Jun 17, 2013

7 Essential Foods for Your Gut

Your gut is like a forest, full of diverse life that—if kept in check—helps your whole natural system flourish. The problem is, food isn’t as simple as it used to be, and modern cuisine, even modern medicine like antibiotics, can do a real number on the biodiversity in your digestive tract—your beneficial bacteria. In fact, too many meds and eating too much sugar and processed foods can actually suppress this protective gastrointestinal army, so it’s important to bring balance and stability back to your gut for optimal health to avoid diarrhea and diseases. In fact, many of these probiotic-rich foods will actually help you glow on the outside, too. Studies have found probiotics help combat skin problems.

For better gut health, these 7 foods will help!


The Benefit: Kind of like a drinkable yogurt, kefir is a fermented dairy product that contains oligosaccharides, complex carbs, that feed beneficial bacteria. And keeping those tiny microorganisms content will help supercharge your immune system.

Healthy Tip: Keep your kefir cold—the live and active cultures are sensitive to heat—and be sure to avoid kefir with sky-high sugar content. Too much sugar damages your healthy intestinal flora.

Photo: (cc) Miss Yasmina/Flickr

Greek Yogurt

The Benefit: Like kefir, Greek yogurt also serves as a potent diary-based probiotic, and also boasts 15 to 20 grams of protein per 6-ounce serving and amino acids that will jump-start your metabolism.

Healthy Tip: Some companies market “Greek style” yogurt products that are nothing more than regular yogurt containing additives like gelatin and milk solids to thicken the consistency. For true Greek yogurt, check the ingredients list. It should only read: Milk and cultures.

Learn more: 9 Foods that Boost the Immune System.

Photo: (cc) Janine/Flickr

Real Sauerkraut

The Benefit: Sauerkraut is really fermented cabbage, a preservation technique that far precedes modern-day refrigeration.

Healthy Tip: For true probiotic muscle, avoid canned sauerkraut, because it’s pasteurized, meaning the healthy bacteria is mostly killed off. Instead, make your own in a crock.

Dig Deeper: How to Make Sauerkraut

Photo: (cc) Manray3/Flickr


The Benefit: A standby for centuries in Korean culture, this spicy fermented cabbage dish acts like a tonic for your gastrointestinal tract. A 2005 Seoul National University study found it’s so beneficial to the immune system that it helped speed recovery in chickens stricken with the virulent avian flu.

Healthy Tip: Add kimchi to organic mashed potatoes, rice, or salads if the distinctly sour, fizzy fare isn’t appetizing to you on its own.
Try Edward Lee's Lettuce Kimchi.

Photo: (cc) Craig Nagy/Flickr


The Benefit: Artichokes are potent prebiotics, meaning they contain undigestible nutrients that help feed the beneficial bacteria growth within your digestive system. Think of them like a healthy meal for the helpful bacteria in your gut.

Healthy Tip: If artichokes don’t delight your taste buds, try other potent prebiotics like bananas, lentils, and asparagus.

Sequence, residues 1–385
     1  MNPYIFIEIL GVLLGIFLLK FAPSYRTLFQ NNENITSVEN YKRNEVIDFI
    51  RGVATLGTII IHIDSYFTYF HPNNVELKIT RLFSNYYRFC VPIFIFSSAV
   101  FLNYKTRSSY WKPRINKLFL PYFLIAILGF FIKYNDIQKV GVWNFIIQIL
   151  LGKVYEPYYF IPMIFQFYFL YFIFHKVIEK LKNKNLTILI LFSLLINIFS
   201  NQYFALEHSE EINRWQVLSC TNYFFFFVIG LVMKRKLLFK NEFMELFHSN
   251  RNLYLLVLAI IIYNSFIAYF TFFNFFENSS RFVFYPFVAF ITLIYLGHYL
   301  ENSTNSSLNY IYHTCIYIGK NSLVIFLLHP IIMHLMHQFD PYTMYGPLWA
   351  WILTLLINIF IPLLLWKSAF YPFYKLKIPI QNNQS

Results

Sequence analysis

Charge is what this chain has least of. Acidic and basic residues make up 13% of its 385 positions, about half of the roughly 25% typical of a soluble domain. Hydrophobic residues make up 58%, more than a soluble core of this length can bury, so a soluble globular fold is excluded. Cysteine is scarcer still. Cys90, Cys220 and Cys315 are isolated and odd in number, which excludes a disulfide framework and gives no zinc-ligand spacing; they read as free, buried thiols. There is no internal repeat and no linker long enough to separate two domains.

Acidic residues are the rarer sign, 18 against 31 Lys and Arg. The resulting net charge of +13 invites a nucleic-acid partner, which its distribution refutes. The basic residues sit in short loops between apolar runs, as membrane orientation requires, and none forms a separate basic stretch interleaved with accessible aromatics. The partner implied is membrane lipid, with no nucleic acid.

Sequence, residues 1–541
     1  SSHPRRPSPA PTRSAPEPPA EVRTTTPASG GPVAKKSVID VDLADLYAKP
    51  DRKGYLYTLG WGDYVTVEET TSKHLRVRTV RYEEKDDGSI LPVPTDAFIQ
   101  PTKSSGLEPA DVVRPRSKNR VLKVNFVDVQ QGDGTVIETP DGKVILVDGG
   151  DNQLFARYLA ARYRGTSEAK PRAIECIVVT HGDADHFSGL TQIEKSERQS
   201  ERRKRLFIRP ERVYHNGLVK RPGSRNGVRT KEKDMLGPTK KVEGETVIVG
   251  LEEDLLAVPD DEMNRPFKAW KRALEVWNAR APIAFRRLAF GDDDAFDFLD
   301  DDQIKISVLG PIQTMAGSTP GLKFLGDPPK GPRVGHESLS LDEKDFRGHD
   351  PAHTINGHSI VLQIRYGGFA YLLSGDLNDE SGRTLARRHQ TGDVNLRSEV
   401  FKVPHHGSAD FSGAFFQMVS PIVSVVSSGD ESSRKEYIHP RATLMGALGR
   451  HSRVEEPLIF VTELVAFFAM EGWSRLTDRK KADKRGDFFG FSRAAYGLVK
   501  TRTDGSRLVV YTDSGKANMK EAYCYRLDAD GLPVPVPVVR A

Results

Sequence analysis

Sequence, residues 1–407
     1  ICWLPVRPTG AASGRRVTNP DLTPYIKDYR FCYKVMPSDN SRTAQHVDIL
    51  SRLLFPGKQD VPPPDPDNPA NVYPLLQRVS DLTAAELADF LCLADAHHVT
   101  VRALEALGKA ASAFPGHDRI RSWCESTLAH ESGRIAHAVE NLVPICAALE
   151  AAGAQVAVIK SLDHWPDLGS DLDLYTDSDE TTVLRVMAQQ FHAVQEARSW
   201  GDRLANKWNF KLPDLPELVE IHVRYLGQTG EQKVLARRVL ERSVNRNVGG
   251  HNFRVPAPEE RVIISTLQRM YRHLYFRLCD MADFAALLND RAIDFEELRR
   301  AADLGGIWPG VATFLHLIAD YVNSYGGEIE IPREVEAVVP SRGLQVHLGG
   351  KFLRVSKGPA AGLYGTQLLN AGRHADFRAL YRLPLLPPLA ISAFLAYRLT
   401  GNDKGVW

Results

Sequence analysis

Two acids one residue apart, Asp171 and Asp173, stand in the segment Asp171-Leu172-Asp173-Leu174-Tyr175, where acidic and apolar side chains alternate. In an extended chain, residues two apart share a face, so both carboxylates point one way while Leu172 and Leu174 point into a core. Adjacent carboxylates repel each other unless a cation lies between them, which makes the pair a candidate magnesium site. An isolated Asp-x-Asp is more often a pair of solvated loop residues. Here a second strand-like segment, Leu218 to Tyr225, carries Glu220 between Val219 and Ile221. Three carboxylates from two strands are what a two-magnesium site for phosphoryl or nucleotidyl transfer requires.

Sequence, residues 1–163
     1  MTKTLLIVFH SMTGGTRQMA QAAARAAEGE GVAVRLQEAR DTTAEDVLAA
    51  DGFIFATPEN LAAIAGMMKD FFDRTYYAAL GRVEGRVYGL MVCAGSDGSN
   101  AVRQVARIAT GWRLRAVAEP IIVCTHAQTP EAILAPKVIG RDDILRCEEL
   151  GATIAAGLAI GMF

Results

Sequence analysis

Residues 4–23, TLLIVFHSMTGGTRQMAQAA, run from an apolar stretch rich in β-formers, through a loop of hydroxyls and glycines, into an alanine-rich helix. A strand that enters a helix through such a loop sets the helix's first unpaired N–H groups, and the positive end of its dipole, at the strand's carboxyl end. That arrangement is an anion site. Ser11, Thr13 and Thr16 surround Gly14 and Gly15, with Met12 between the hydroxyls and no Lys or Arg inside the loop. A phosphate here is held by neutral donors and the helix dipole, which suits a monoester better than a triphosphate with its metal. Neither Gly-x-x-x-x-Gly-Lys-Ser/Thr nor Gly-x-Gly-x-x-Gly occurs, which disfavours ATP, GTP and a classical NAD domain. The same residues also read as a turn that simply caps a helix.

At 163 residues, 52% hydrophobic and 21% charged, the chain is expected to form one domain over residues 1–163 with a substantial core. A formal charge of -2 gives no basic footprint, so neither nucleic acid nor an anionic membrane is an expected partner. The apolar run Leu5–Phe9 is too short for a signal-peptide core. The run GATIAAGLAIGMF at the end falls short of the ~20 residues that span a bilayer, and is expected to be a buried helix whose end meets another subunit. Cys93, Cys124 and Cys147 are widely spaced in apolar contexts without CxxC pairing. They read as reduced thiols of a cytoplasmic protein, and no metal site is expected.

Video Tip: How to Trim an Artichoke.


The Benefit: With its naturally fizzy profile, this fermented tea serves as a healthy replacement for carbonated drinks like soda. Mildly tart and effervescent, kombucha is teeming with beneficial bacteria to coat your digestive tract. The fermentation process also creates healthy B vitamins that can activate energy.

Healthy Tip: This ancient, nourishing tonic has boosted immune systems for centuries; however, if you have certain digestive-tract diseases or candida, kombucha may aggravate symptoms because it’s considered a wild ferment and could contain irritating yeasts for susceptible individuals.
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Photo: (cc) Miss Bossy/Flickr

Miso Soup

The Benefit: While there’s debate surrounding the health benefits of soy, the truth is fermented soybeans contain an abundance of beneficial bacteria and isoflavones, which can protect against cancer and possibly halt the production of fat cells.

Healthy Tip: Look for organic miso soup to avoid harmful additives and genetically engineered soy, which has never been tested for long-term impact on human health.

Keep Reading: 11 Foods that Make You Smarter.

Photo: (cc) Jeremy Keith/Flickr
Source URL: http://www.organicgardening.com/living/7-essential-foods-for-your-gut

[1] http://www.flickr.com/photos/miss_yasmina/5676681372/
[2] http://www.organicgardening.com/living/9-foods-boost-immune-system
[3] http://www.flickr.com/photos/geishabot/4579250516/
[4] http://www.organicgardening.com/cook/how-to-make-sauerkraut
[5] http://www.flickr.com/photos/manray3/3808261641/
[6] http://www.organicgardening.com/quickkimchi
[7] http://www.flickr.com/photos/nagy/23219340/
[8] http://www.organicgardening.com/cook/how-to-trim-an-artichoke
[9] http://www.organicgardening.com/free-organic-gardening-newsletters-sign
[10] http://www.flickr.com/photos/missbossy/6933791485/
[11] http://www.organicgardening.com/cook/11-foods-that-make-you-smarter
[12] http://www.flickr.com/photos/adactio/66448363/
7 Essential Foods for Your Gut

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